Orlando Central Florida Chapter, STC
On Thursday, December 15, 2016, the Orlando Central Florida chapter of STC held their Holiday Social at Black Rock Bar & Grill.
The dinner also included a brief presentation from guest speaker, Jack Molisani. Jack talked about his personal, professional, and financial growth. Below is a list of recommended books from Jack’s presentation that inform and inspire growth:
Jack also made the offer to look at anyone’s resume. You can contact him at:
Learning About… Learning! January’s Topic is DITA and Beyond.
By: Jonathan Neal
Staff Writer, Memo to Members
“Please take out a pen and paper!”
Rob Hanna’s instructive DITA webinar begins with mental exercise. L’horreur! But there is no way around it. If we truly wish to communicate content to our readers, we must first learn about learning.
On January 19th, the Orlando Central Florida (OCF) chapter of STC held its monthly meeting at the IHOP on University Boulevard. Those in attendance viewed STC fellow Rob Hanna’s webinar, Leveraging Cognitive Science to Improve Topic Based Authoring. Mr. Hanna is president of Precision Content Authoring Solutions Inc., and with over 20 years’ experience under his belt, he knows his way around information writing. Here is a brief summary of his lesson:
The amount of data we encounter every day is increasing at a rapid rate, roughly doubling every two years. Therefore, we as technical writers must help our readers digest large amounts of data with minimal cognitive strain. One way we can accomplish this is by employing Darwin Information Typing Architecture (DITA).
DITA is an XML vocabulary that enables readers to digest data more easily. For the uninitiated, XML is a metalanguage akin to HTML that we can use to “mark up” data with custom tags and distribute it to any number of separately formatted files, fully accessible across systems. In effect, XML enables us to “repurpose information instead of rewriting it,” which saves time and effort. Rob Hanna has mastered this efficient strategy by establishing his own “content standards for the enterprise,” which he uses to systematize all of the XML he works with. This doesn’t just help him stay organized—it also helps his readers digest the data more easily.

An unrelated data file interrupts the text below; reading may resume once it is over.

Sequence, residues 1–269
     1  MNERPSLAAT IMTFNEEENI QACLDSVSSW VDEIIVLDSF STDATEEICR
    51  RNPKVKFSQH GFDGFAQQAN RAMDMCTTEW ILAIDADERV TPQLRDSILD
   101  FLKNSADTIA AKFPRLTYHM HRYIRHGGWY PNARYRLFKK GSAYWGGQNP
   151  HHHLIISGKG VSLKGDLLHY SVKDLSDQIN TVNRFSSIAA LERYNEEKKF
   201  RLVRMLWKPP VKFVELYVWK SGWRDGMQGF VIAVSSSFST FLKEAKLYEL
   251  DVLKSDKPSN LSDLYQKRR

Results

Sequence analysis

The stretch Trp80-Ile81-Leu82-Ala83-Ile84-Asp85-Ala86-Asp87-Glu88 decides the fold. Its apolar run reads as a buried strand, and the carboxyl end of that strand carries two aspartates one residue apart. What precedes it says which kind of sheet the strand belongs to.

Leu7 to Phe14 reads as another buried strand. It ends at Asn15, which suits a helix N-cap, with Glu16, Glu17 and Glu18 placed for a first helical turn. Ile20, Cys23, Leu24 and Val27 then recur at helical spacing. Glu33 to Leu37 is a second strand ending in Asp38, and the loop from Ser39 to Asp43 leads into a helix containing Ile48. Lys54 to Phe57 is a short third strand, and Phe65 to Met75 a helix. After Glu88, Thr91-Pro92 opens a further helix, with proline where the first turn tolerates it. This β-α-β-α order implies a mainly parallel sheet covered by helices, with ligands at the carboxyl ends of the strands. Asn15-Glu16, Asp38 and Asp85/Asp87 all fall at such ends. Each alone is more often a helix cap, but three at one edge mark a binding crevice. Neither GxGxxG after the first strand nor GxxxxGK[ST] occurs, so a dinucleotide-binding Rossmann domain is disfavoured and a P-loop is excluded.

In DITA, there are 3 major topic types, each associated with a different type of memory:
|Topic Type||Associated Memory Type|
|Concept||Semantic Memory (conscious understanding via study)|
|Task||Procedural Memory (subconscious understanding via repetition)|
|Reference||Working Memory (forgotten quickly)|
Technical writers can use this knowledge to compartmentalize content according to topic type, thereby reducing cognitive strain. Mr. Hanna refers to this process as “pre-digesting” or “chunking” information for readers to absorb. In some cases, this can double the amount of information readers are able to retain. Pretty good, wouldn’t you say?
Not all companies use DITA the same way, and that is why Rob Hanna emphasizes the importance of finding a balance. Pre-existing style guides may favor a different approach. If it works for the target audience, all is well; if not, then it may be time for a revision. If possible, try to incorporate the 4 fundamental needs for retention: consistency, chunking, relevance, and labeling.
Rob Hanna has developed a further-improved XML vocabulary, one that adapts information mapping principles and combines them with the pre-existing DITA formula. He adds two “precision content” topic types: process and principle. Each of his five information types is compartmentalized, fully taking advantage of XML’s custom tagging functionality. We may use this formula or develop our own—this is a freedom afforded to us by DITA and XML. To learn more, you may visit learningdita.com for some free online courses on the subject.
February’s meeting will cover the Columbia disaster and the ethics surrounding it. Stay tuned for more, and until then, good luck and happy writing.
PSA #1: Congratulations to Emily Wells, who is now co-manager of the mentoring program with Dan Voss!
PSA#2: 2018’s STC Summit will be in Orlando, FL. The event takes place at Hyatt Regency Orlando on I-Drive, the hotel formerly known as Peabody Orlando. We are looking for volunteers to help table the event. If you are interested, please contact STC Orlando’s president Alex Garcia via this email: firstname.lastname@example.org